preservation-admin , March 9, 2021
Located on the Edisto River, Jehossee Island is an uninhabited former rice plantation where hundreds of years of undisturbed Lowcountry history form a fascinating cultural landscape. Once one of the most productive rice plantations in the American south with one of the largest enslaved populations, Jehossee has the potential to contribute significantly to the modern understanding of pre-Civil War rice cultivation in the Lowcountry.
In the 18th and 19th centuries, Jehossee Plantation’s 4,000+ acres were owned by some of the Lowcountry’s most prominent planter families. For nearly half a century between 1776 and 1824, Jehossee was owned by the Drayton family, passing to Governor William Aiken Jr. in 1830. Rice cultivation at Jehossee relied on complex infrastructure, including major canals, fields, berms, dikes, rice trunks, and an impressive brick chimney used for threshing harvested rice. A substantial ruin of the chimney still stands on site today and is one of the few remaining examples in the Lowcountry.
Rice production at Jehossee relied on the labor of an estimated 700-1,200 enslaved people at its peak between the 1830s and 1860s. Written accounts and a site plan completed as part of the 1856-1857 U.S. Coast Survey indicate the presence of an extensive village built by and for Jehossee’s enslaved population, including a recorded 84 wood-frame houses, a church, a hospital, a store, and an overseer’s house among other structures. Today, the 1830s overseer’s house stands largely intact while sites of former buildings are marked only by remnants of brick foundations and chimneys. Like the rice chimney, the overseer’s house is significant as one of the few remaining examples of this building type in North America.
In the roughly 150 years since rice cultivation ceased at Jehossee, the vast landscape remains remarkably unaltered. The level of general preservation on the island can be largely attributed to the creation of the Intracoastal Waterway in 1920 that destroyed the Jehossee causeway, the island’s only convenient link to Edisto, as well as the mainland. As the island grew in isolation, use of the property waned with low-impact recreation like waterfowl hunting being the primary draw to the property by the mid-twentieth century. Consistent ownership of the property also played a significant role: Governor Aiken’s descendants remained in possession of Jehossee until 1993 when the land was deeded to the U.S. Fish and Wildlife Service which remains the steward of the site today.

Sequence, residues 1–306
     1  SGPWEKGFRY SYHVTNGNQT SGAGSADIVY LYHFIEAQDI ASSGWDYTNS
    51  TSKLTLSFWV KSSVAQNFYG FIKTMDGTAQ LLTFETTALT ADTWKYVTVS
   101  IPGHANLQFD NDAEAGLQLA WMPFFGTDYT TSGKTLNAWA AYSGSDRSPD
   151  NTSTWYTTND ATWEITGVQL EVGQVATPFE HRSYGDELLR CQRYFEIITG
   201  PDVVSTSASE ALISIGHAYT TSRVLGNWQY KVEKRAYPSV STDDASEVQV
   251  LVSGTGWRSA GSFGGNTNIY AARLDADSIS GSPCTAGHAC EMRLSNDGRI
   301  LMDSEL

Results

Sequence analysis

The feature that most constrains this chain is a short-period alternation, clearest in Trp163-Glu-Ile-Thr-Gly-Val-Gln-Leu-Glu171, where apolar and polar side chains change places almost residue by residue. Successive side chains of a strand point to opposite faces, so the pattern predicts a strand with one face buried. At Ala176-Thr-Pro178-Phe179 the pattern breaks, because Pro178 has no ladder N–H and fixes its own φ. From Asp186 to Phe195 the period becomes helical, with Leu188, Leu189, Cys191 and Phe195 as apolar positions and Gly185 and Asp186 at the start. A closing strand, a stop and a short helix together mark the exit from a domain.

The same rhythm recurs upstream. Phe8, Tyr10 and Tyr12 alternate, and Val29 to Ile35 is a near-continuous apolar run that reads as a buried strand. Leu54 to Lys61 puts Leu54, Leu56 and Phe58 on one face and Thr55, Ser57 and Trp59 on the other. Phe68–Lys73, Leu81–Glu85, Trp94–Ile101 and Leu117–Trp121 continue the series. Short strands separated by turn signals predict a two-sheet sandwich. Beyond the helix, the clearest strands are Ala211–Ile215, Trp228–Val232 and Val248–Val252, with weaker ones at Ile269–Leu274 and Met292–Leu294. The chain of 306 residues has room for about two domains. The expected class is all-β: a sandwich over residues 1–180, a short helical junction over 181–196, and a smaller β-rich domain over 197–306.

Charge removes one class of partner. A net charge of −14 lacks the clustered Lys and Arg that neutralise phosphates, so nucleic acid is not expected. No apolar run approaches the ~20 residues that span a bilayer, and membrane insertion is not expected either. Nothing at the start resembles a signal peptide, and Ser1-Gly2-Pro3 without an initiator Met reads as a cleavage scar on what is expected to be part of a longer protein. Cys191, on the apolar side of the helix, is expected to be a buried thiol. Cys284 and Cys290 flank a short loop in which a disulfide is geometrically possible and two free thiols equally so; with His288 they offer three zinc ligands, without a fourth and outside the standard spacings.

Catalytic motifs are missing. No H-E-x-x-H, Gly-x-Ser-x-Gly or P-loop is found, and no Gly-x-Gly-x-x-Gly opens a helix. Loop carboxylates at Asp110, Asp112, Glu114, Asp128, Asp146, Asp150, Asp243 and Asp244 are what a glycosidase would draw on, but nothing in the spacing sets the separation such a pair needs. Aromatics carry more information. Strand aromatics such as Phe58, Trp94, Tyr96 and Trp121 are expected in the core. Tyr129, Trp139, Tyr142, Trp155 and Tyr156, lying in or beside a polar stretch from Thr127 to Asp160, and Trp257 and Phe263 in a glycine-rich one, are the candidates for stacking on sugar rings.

In recent years, vegetative growth has obscured many of the site’s physical features, and successive hurricanes damaged the overseer’s house and the rice chimney. However, defining characteristics of the historic landscape remain with great potential for the study of resources both above and below ground. The undisturbed nature of Jehossee represents a rare opportunity to examine the evolution of a Lowcountry rice plantation and the landscape of slavery from the 18th through the early 20th century.
The PSC continues to work closely with our partners to document Jehossee Island and secure funding for the stabilization and preservation of at-risk structures on site. Join us in ensuring more sustainable, long-term protection and interpretation of this significant historic property by donating here.